Jasmine is a senior in high school. She is cheer captain, honor roll, volunteer and now a National Scholarship Award winner. The award includes four years of college tuition. Jasmine is so excited to tell her parents, but they don’t react as she expects. Turns out her parents’ work visas expired and they weren’t unable to get new ones. Instead of going back to the Philippines, her parents kept the family in the United States. They are all undocumented and Jasmine can’t accept the scholarship.

 

This was a touching story about how a young girl deals with finding out she is undocumented. Who can she tell? She is ashamed of her status, and now she can’t even go to college.

 

This was the third book I read for my multicultural issue paper. I enjoyed the story. Jasmine is a strong female character and she doesn’t give up.

 

Another good book for teens (and anyone) to read to help understand what undocumented children experience.

Creepy... and really gross

Trapped - Phil Gigante, Jack Kilborn

 

I listened to this book on audio, and while I didn't find it scary, it was definitely bloody and gory in a slasher film kind of way. 

 

Sara and Martin are guardians to six difficult, troubled, teenagers. They take them camping on an island that is supposedly deserted. But, surprise, the island is home to a doctor and his vicious creations. And they have no way to get off the island. These are city kids, and they are easily spooked, but we find out they have a good reason. The island is crawling with cannibals and worse...

 

The cannibals are scary, but also a bit silly - some of them carry forks and knives, and even salt shakers. So...

 

There are a few twists I didn't expect, and they were quite clever. But, the gross-out parts were a bit much for me.

 

This book was ok for me, but if you are a gore/slasher fan, then you will enjoy this one.

Secret Side of Empty - Review

The Secret Side of Empty - Maria E. Andreu

 

“How do you explain to someone that you are so horrible and useless that your own father despises you? I am so ashamed. I don’t want them to know because I know they’ll figure out what that means about me. The dirty, ugly outcast I really am.”

 

“… seventeen ways to say Illegal: Broken, Alone, Not allowed, Wrong, Trapped, Shunned, Unwanted, Not good enough, Apart, A secret, On the wrong side, Misplaced, A threat, A mistake, Voiceless, Unheard, and Still here anyway."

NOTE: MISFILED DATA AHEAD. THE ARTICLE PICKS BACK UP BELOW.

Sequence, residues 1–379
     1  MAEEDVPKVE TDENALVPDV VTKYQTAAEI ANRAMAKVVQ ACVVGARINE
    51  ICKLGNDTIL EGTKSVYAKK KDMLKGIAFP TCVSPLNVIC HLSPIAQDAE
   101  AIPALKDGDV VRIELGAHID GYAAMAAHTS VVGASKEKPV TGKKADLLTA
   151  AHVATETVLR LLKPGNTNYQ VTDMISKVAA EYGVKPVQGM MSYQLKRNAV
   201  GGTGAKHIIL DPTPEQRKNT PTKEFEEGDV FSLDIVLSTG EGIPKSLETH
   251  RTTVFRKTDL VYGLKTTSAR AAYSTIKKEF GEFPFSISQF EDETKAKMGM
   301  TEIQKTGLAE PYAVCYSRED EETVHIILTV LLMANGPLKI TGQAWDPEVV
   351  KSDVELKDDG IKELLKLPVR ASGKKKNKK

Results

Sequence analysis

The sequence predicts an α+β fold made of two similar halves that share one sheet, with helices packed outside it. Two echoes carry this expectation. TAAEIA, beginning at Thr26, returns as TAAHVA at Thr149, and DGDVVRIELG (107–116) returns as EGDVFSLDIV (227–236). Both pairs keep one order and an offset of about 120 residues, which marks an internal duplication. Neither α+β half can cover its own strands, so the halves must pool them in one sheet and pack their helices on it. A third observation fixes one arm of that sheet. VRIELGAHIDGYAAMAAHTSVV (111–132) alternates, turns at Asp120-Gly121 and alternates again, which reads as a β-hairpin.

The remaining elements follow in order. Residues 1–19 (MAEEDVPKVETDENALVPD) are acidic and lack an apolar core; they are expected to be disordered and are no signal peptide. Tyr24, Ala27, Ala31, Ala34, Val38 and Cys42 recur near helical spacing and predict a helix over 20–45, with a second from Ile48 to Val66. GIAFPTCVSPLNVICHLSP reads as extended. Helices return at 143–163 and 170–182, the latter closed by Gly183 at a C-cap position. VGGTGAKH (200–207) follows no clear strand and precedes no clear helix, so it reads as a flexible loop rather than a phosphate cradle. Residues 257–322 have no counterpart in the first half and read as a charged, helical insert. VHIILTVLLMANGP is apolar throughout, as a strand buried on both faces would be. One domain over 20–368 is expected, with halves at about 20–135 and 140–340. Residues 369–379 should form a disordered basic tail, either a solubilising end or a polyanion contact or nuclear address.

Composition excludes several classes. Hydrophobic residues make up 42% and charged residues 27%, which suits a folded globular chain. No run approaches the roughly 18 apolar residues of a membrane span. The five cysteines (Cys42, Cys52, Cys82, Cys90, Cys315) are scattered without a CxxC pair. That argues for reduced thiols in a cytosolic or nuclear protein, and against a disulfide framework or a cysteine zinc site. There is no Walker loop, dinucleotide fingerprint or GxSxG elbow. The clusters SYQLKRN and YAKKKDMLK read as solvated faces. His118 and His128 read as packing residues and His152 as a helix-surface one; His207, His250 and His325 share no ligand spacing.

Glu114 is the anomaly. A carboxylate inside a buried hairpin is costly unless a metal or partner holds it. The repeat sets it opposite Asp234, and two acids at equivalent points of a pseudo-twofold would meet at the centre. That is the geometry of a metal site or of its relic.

M.T. is a high school senior in New Jersey, brought here by her parents from Argentina as a baby, and her family is undocumented. Her father is abusive and her mother is too timid to do anything about it. M.T. is ashamed to tell even her best friend about her secrets.

 

This was a tough book to read. I hated to see M.T. so alone and suffering. Then again, this book tackles a lot of issues. She is bright and wants to go to college, but she can't because she is undocumented. Her father abuses her. She contemplates suicide and tries drugs and alcohol.

 

This is the second book I read for my multicultural issue paper. Unlike Alma in the first book (Dream Things True), M.T. doesn't have a supportive community who shares her concerns about being illegal. M.T. has been in the United States her entire life. She and her brother don't know any other life. She faces the same issues of insecurity and worries about acceptance that any other teen faces, but she is also dealing with an abusive father and being illegal.

 

This is another good book for teens to read. I think they will enjoy the story and along the way, they may find a tolerance they didn't know they had. It is hard when all the media and news you see is telling you to think one thing or another. This book may help teens develop their own thoughts on the situation.

 

"The land flourished because it was fed from so many sources -- because it was nourished by so many cultures and traditions and peoples."
Something in Between - Melissa  de la Cruz

 

 

-- Lyndon B. Johnson

 

(Chapter 3 quote)